New clients often have questions about why and how frequently CAN needs to update their predictive models. Predictive models need to be updated because everyday new data is being created. For example, your customers are buying more, subscribing or unsubscribing. The environment is constantly changing. While predictive models can handle a lot of new new data, overtime environmental changes build up causing predictive models to lose their effectiveness. After a month, quarter, or a year it is necessary to update predictive models with new data.
As these new patterns emerge its important to periodically take time to investigate your data, update your models, and challenge your assumptions about your business. But how often should you do this?
To answer that question, consider the following:
- How often is my data changing?
- How often do I plan on making decisions with the data?
To understand how often your data is changing, its necessary to understand what type of data you are gathering and how often. The average number of customer transactions per year can be a good place to start. For example, if on average your customers purchase from you once a month or once a quarter, it may be possible to identify new patterns in their behavior on an annual basis, which would only require you to update your models and assumptions annually. Models primarily based on customer demographics are good examples of this because a customer's demographic profile tends to change little over time, often times not even annually. Demographics include gender, age, income, geography, etc.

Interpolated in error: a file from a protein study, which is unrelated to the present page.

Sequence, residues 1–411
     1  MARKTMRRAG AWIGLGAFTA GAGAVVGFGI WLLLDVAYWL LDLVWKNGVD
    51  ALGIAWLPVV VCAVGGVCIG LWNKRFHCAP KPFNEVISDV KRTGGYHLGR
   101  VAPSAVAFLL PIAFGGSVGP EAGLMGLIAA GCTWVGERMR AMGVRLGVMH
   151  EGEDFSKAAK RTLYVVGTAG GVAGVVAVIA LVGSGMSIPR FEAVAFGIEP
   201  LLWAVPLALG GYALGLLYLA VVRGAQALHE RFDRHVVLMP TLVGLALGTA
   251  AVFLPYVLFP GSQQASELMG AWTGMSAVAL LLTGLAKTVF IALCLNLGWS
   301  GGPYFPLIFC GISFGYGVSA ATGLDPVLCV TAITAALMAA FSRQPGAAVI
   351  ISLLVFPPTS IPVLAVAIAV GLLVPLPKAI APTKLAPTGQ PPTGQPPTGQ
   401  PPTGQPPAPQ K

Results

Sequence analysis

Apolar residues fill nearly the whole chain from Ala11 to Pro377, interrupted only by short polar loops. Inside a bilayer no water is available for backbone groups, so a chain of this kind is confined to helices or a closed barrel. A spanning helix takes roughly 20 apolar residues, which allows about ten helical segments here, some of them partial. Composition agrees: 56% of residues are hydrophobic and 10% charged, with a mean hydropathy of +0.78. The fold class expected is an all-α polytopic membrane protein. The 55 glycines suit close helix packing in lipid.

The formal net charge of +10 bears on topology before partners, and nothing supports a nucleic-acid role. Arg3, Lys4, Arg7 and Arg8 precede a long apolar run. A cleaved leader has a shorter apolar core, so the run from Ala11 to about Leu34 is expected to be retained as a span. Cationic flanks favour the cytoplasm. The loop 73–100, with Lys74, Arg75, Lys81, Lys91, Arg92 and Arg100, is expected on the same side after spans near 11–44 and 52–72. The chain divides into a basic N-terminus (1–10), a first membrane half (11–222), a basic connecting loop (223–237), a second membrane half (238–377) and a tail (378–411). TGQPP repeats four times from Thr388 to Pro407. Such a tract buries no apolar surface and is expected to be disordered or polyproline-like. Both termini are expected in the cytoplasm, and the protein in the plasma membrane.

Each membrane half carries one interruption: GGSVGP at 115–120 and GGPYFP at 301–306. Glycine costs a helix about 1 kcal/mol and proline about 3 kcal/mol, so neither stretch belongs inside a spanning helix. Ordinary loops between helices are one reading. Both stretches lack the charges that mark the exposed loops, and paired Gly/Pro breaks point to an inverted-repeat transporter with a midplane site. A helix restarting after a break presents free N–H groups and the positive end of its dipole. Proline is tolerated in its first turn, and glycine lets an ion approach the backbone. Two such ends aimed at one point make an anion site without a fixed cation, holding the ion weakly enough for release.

Contrastingly, if your customers have more frequent transactions (i.e. daily, weekly, bi-weekly), your customer data is growing quickly in size and complexity. The patterns created as a result of this new data are also more dynamic. This means you need to update your models and challenge your assumptions more frequently. Often this is monthly or quarterly.
Knowing how often you plan to make decisions with your results also bounds some of the uncertainty around updating your predictive models. For example, if it only makes sense to focus marketing efforts or strategic initiatives quarterly, quarterly updates are sufficient. However, if you or someone in your company uses the outputs daily, weekly or monthly, you need to update your predictive models monthly. In extreme cases were new data is created by the minute, such as commodities trading, daily updates are required.
Finding a happy medium is what we look for when making suggestions to our clients, but regardless its really up to your discretion. However, I plan on following up with another blog post soon discussing in detail what happens when models become obsolete and start to lead you astray.